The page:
1. For the détrempe, fit a stand mixer with the hook attachment and stir the flour, water, milk, sugar, and yeast on low speed to blend, then add the salt. Increase to one speed higher and knead for about 4 minutes, adding the butter mid way through kneading – the dough should just clean the sides of the bowl. Shape the dough into a rectangle (it will be soft), place it on a parchment lined baking tray and cover with a tea towel and then plastic wrap. Let the dough sit out for 90 minutes, then chill for at least an hour, up to 8 hours.
2. For the beurrage, shape the butter into an 8-inch square. Chill until ready to use if preparing in advance, but pull from the fridge to soften. Ensure that the butter offers the same resistance (is the same consistency) as the chilled dough – while the temperature of each may differ, the “give” should be the same.
3. On a floured work surface, turn out the chilled détrempe and roll out to a square about 14-inches across. Place the beurrage in the centre of the square, but rotated so that the points of the butter square fall at the middle of each flat side of the dough. Bring the corners of the dough together, wrapping the butter like an envelope and gently pinch the edges. Roll the dough out into a rectangle about 20-inches long and fold the dough into thirds (this is called a single fold). Return the dough to the baking tray, cover with the towel and plastic and chill for at least an hour, up to 8 hours.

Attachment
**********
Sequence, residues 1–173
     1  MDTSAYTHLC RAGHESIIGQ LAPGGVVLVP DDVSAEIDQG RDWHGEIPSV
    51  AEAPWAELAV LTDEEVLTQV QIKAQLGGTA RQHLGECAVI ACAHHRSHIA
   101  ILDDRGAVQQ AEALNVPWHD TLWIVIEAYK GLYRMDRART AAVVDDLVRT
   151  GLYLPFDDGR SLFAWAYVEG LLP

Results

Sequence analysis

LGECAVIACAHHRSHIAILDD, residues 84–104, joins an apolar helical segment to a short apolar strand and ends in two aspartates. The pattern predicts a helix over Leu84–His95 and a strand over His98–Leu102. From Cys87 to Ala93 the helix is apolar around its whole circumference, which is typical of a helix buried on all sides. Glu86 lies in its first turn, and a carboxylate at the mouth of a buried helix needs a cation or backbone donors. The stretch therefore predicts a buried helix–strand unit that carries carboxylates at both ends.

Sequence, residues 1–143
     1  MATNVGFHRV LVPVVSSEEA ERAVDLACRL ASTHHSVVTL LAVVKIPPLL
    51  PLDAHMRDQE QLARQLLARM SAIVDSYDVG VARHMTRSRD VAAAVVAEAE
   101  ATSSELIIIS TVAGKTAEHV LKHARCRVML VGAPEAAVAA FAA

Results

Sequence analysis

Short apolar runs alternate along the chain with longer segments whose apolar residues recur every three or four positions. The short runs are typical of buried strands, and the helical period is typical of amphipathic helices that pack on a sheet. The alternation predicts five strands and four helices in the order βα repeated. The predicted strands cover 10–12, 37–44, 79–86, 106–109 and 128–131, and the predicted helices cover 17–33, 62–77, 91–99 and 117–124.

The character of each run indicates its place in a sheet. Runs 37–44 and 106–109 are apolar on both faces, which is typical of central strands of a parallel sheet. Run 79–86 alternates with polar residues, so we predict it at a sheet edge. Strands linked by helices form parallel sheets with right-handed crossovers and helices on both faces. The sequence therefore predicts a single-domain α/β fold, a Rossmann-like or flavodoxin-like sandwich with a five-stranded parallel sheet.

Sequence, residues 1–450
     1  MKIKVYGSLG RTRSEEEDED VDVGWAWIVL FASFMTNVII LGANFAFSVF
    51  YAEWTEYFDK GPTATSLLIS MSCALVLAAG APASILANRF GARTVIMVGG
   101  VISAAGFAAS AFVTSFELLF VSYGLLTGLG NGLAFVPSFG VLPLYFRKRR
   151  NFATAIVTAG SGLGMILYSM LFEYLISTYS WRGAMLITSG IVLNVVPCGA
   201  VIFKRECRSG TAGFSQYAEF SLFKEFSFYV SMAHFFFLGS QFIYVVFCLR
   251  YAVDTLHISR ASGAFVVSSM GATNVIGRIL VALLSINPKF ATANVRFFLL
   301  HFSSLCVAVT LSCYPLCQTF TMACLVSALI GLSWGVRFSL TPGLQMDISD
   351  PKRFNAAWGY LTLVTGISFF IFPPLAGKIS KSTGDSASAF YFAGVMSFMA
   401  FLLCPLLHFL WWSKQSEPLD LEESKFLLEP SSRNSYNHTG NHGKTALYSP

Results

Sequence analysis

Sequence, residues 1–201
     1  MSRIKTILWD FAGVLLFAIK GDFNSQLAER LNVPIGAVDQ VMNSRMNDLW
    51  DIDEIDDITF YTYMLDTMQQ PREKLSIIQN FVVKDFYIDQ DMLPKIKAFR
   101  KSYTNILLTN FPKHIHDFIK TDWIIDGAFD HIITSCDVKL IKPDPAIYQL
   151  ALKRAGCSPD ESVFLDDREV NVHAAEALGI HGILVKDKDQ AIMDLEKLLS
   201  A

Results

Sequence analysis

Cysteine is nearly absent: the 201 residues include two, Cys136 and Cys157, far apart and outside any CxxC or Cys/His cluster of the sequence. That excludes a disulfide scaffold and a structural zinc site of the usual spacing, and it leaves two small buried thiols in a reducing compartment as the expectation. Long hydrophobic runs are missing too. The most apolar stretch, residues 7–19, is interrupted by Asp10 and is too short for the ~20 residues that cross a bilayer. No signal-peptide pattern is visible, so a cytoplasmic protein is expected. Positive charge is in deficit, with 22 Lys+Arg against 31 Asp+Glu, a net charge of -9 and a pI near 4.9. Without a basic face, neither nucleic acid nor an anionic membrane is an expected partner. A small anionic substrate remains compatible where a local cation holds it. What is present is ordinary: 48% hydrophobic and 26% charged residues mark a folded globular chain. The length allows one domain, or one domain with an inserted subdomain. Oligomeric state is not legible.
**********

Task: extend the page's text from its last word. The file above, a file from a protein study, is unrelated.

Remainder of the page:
4. Repeat rolling and folding the dough into singles folds 2 more times, rotating the dough 90 degrees each time before rolling and chilling the dough for at least an hour and up to 8 hours before each fold. Let the dough rest for at least 4 hours and up to 12 hours after the final fold before using.
5. For 12 plain croissants, measure out about 20 oz of dough and store the rest in the fridge. On a floured work surface, roll out the dough to a rectangle about 16-inches by 12-inches. Cut the dough in half horizontally and then cut 6 triangles from each.
6. Make a 1-inch score on the short side of each triangle, and roll up the croissant from this side. Curve the croissant so that the point of the triangle is at the bottom and pointing the opposite direction as the curve in. If you wish, you can pinch the croissant ends together so they hold the curve shape. Place these on a parchment –lined baking tray, leaving at least 3 inches between each other and cover these with a tea towel and then plastic. Let the croissants rise for 2 hours.